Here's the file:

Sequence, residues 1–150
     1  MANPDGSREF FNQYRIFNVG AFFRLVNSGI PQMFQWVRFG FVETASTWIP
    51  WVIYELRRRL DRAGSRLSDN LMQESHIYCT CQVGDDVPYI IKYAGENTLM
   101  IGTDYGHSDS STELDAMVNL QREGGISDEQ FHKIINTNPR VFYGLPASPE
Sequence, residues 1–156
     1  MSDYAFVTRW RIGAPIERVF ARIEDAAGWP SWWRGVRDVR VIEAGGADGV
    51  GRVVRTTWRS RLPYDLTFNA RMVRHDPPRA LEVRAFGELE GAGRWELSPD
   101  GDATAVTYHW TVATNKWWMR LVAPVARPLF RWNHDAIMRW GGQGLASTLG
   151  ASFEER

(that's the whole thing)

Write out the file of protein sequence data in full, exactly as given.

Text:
Sequence, residues 1–150
     1  MANPDGSREF FNQYRIFNVG AFFRLVNSGI PQMFQWVRFG FVETASTWIP
    51  WVIYELRRRL DRAGSRLSDN LMQESHIYCT CQVGDDVPYI IKYAGENTLM
   101  IGTDYGHSDS STELDAMVNL QREGGISDEQ FHKIINTNPR VFYGLPASPE
Sequence, residues 1–156
     1  MSDYAFVTRW RIGAPIERVF ARIEDAAGWP SWWRGVRDVR VIEAGGADGV
    51  GRVVRTTWRS RLPYDLTFNA RMVRHDPPRA LEVRAFGELE GAGRWELSPD
   101  GDATAVTYHW TVATNKWWMR LVAPVARPLF RWNHDAIMRW GGQGLASTLG
   151  ASFEER